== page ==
As promised in About this Blog, I’m hoping to release into the literary wild one old book for every new book that enters my house. At some point, I might even donate two or four or more for every new book. However, I have tried this method before of pruning my jungle without much success.
The New York Times recently asked six authors and one bookseller on what books to cull and what to keep. I rather wish I could be as realistic as Jane Smiley, but my sentiments are with Joshua Ferris: “Home is Where Your Books Are.” And even after Chang-rae Lee offers his criteria for all the books he wants to throw away, he says, “But I know I won’t.”
Oh, dear. I’m counting on all BBFs (best book friends) who read this blog to help me by holding me accountable. If I go too long without posting a “Going, going, gone,” demand to see my latest annotated list of books I can live without.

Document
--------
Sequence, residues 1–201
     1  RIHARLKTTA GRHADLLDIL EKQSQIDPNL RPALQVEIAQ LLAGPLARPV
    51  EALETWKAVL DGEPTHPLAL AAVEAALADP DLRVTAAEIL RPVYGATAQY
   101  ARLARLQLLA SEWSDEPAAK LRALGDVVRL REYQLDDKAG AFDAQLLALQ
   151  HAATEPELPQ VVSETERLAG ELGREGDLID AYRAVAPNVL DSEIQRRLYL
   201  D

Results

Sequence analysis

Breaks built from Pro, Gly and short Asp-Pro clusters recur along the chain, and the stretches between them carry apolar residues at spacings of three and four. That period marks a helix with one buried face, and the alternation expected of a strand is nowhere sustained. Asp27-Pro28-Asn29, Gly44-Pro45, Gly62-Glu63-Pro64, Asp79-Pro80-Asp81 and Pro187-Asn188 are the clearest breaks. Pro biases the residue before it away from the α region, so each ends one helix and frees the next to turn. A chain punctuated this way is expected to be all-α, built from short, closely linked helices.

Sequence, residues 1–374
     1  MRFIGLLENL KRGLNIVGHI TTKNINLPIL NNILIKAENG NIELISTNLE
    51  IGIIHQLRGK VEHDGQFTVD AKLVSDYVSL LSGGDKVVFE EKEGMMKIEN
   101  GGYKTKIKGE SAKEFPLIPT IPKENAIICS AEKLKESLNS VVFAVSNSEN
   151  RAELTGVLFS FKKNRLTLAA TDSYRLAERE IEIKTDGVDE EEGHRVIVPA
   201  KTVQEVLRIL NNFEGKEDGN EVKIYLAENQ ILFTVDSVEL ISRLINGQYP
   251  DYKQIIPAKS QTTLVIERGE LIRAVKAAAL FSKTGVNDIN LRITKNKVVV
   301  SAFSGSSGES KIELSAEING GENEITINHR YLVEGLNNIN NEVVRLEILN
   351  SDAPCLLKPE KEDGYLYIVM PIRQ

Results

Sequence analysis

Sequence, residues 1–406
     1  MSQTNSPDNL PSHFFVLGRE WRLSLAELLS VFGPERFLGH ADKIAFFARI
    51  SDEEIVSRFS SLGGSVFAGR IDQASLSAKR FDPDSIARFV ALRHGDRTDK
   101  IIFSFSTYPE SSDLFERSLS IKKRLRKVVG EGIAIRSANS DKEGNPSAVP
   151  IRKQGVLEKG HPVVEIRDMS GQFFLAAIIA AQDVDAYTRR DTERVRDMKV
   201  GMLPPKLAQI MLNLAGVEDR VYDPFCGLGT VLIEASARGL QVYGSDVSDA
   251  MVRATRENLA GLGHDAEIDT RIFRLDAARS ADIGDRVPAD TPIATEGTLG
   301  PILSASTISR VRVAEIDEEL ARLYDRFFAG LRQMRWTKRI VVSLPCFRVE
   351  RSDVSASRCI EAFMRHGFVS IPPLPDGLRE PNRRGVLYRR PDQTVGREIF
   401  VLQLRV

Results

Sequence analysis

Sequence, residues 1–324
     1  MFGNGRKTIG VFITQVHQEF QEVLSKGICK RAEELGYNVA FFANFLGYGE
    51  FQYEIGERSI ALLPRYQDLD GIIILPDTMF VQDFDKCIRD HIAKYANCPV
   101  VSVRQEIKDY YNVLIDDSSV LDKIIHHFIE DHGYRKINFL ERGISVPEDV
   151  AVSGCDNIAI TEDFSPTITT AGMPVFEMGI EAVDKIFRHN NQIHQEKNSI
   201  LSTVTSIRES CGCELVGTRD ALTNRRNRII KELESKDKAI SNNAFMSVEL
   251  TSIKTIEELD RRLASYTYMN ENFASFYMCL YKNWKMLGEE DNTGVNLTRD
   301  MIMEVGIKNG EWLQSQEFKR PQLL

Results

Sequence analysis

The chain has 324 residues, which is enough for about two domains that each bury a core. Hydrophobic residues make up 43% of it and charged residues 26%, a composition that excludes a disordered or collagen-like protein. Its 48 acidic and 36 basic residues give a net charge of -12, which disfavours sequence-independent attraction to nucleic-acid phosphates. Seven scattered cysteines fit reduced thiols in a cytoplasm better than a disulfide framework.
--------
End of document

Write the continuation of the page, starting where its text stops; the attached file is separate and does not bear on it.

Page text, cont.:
This week I part with three, all old, gently used mass-market paperbacks.
The Five Bells and Bladebone by Martha Grimes, the ninth entry in her witty Richard Jury crime series titled after English pubs. This is actually one of my favorites, where a corpse falls out of a rosewood secretary, and antiques dealer Marshall Trueblood proclaims: “I bought the desk, not the body; send it back.” I’m keeping my hardcover copy.
Dinner at the Homesick Restaurant, by Anne Tyler, the masterful and poignant story of the Tull family of Baltimore. Again, I have a hardcover.
Raise High the Roof Beam, Carpenters and Seymour an Introduction, by J.D. Salinger, which was Salinger’s last published book about the Glass family. I’ve had this copy since college, and after skimming it this past week, I have no plans to read it again, so out it goes. I do like the last line: “Just go to bed, now. Quickly. Quickly and slowly.”